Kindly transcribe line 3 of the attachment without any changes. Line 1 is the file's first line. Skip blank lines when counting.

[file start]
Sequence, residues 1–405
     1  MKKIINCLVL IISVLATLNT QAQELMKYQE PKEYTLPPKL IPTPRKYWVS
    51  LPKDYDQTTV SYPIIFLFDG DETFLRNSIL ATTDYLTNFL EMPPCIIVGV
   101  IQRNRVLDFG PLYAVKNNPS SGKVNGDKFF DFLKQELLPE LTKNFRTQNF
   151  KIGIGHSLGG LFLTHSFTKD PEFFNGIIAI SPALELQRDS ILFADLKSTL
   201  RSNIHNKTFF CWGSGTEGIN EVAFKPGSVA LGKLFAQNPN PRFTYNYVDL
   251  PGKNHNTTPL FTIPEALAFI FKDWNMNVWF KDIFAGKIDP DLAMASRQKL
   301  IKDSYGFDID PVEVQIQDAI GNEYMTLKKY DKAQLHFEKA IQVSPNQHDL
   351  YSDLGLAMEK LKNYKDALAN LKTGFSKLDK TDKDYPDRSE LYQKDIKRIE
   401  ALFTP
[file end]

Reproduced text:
    51  LPKDYDQTTV SYPIIFLFDG DETFLRNSIL ATTDYLTNFL EMPPCIIVGV